The Covid-19 pandemic and its ensuing global economic crisis will push China to change its Belt & Road Initiative (BRI) strategy, both in the short and long term, according to analysts.

Since the beginning of the outbreak, many of China’s BRI projects have been put on hold, as international pressure has mounted for the world’s second largest economy to delay and write off debt repayments to developing countries.

The changing international paradigms and domestic pressure to focus on internal affairs mean that China will no longer be able to finance unsustainable projects, many of which are mere showcases of its political clout, analysts said.

With unemployment reaching new highs and growth tumbling to record lows, China’s overseas strategy will temporarily take a back seat and will refocus to more transparent and sustainable projects, a strategy which many in Beijing have been advocating prior to the virus outbreak.

Analysts say that part of that strategy could be to shift to a cheaper and more useful “health belt and road”, which China has already been promoting as a move to rebuild its tarnished image.

The pandemic has caused work to cease for much of the China-Pakistan Economic Corridor, while Cambodia’s Sihanoukville Special Economic Zone has also come to a standstill.

“Progress of various China’s BRI infrastructure projects will hit a roadblock due to the ongoing Covid-19 pandemic,” wrote Fitch Solutions in a research report published earlier this month. China’s ability to finance infrastructure projects overseas will be reduced as funds are redirected to focus on reviving the domestic economy.“Elsewhere, as the global economy sinks into a recession, BRI countries, especially frontier markets, are unlikely to take on fresh debt to finance new projects in the near term,” they added.

Even before Covid-19 wreaked havoc on supply chains and imposed travel bans on Chinese workers, many of China’s BRI projects especially in Africa were coming under scrutiny.

Observers have criticised shady financing, corruption and financing of projects which have trapped developing countries in debt.

African Countries have already called for US$100 billion in bailouts and debt relief to help them cope with the devastating effects of the pandemic.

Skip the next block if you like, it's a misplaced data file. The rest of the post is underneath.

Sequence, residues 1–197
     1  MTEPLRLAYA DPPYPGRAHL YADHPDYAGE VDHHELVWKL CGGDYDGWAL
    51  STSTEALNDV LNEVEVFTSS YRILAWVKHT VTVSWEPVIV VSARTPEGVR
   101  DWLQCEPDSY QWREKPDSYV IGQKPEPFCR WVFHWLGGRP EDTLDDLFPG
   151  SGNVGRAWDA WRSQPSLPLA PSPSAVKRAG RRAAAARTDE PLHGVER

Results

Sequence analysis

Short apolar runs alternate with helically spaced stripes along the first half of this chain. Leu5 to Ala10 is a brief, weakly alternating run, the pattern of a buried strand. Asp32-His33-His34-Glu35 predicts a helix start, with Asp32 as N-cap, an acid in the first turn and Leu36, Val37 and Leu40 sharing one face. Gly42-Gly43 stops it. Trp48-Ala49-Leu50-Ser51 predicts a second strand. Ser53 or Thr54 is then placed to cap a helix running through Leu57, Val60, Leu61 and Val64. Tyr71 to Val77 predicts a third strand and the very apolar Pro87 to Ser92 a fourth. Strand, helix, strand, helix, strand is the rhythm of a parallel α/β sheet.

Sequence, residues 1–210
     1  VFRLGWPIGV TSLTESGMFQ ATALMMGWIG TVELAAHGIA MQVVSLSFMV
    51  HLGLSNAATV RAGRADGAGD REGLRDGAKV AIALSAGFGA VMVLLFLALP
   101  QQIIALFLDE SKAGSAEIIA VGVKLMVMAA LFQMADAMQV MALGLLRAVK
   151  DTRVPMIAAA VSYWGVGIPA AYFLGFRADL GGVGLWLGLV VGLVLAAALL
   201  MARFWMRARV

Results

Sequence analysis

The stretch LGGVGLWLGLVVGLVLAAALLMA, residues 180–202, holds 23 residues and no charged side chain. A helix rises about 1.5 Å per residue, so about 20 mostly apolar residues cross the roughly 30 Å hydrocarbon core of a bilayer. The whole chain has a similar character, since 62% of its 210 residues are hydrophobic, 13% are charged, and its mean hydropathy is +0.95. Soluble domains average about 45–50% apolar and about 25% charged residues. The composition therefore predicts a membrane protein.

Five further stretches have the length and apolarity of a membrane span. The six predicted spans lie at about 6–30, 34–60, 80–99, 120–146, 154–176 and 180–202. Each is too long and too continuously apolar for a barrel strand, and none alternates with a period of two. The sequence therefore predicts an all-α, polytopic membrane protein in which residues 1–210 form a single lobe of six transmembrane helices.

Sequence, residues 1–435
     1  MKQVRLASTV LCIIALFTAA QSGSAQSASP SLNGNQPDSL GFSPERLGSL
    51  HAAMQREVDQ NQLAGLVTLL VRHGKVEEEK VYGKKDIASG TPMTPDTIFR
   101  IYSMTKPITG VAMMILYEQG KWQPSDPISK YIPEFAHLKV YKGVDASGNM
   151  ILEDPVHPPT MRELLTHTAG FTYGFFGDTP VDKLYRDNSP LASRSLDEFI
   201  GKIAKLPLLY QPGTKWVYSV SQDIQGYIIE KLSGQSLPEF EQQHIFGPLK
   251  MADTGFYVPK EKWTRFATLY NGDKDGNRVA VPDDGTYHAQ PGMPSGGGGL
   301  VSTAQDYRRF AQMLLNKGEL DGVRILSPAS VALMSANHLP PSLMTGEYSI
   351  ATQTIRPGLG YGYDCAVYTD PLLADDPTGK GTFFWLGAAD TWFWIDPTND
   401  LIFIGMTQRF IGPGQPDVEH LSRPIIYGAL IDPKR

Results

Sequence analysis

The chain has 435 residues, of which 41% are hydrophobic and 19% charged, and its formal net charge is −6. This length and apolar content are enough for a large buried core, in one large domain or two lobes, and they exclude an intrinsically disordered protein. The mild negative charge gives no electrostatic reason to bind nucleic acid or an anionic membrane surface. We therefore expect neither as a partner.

Pressure is mounting on China, as Africa’s biggest creditor, to participate in a global restructuring plan.

Figures from the China Africa Research Initiative at the Johns Hopkins School show that China lent over US$143 billion to African countries between 2000 and 2017.

Although China has previously agreed to write off debts it has done so in a unilateral non-transparent manner with no international oversight.

The International Monetary Fund (IMF) has made it clear that China must participate in a global restructuring for debt relief to be efficient.

“There will be a lot of pressure for China to make sure it collaborates with the IMF,” said David Gordon, Senior Adviser for Geo-economics & Strategy at the London based International Institute for Strategic Studies.

The extent of the debt crisis, which stems much further than Africa and concerns nearly all BRI countries, has exposed how vulnerable the financing behind most of these projects has been.

“China’s belief was that countries won’t go bankrupt, but financing infrastructure in developing countries has always been risky,” pointed out Mr Gordon.

He added: “The debt profiles of these countries has always been challenging. Even before the virus outbreak it was becoming increasingly clear that they would not be able to force repayment.”

Down the line, some experts say it will become increasingly difficult for China to continue to finance projects which are politically motivated rather than those that add real economic value.

This could push Beijing to choose projects closer to home with more multilateral backing from other economic partners such as Japan or sovereign funds, they say.

“The financial pressures will lead to more multilateralism. The initial political ambitions are not financially viable anymore,” noted Mr Gordon.

The current crisis will also accelerate the “Health Belt & Road”, a phrase first proposed in 2017 with the aim of improving healthcare infrastructure and services between BRI countries.

Beijing has been offering assistance to many affected countries, including sending medical specialists and protective garments and equipment to aid their fight against the outbreak.

“The promotion of a “Health Belt & Road” could be a cheaper option while still giving China visibility,” said Valerie Niquet, Asia analyst with the Foundation for Strategic Research. “With the United States absent from Africa during the epidemic, there is a real void to fill.”

Author: Virginie Mangin
Editor’s Note: The article reflects the author’s opinion only, and not necessarily the views of the editorial opinion of Belt & Road News.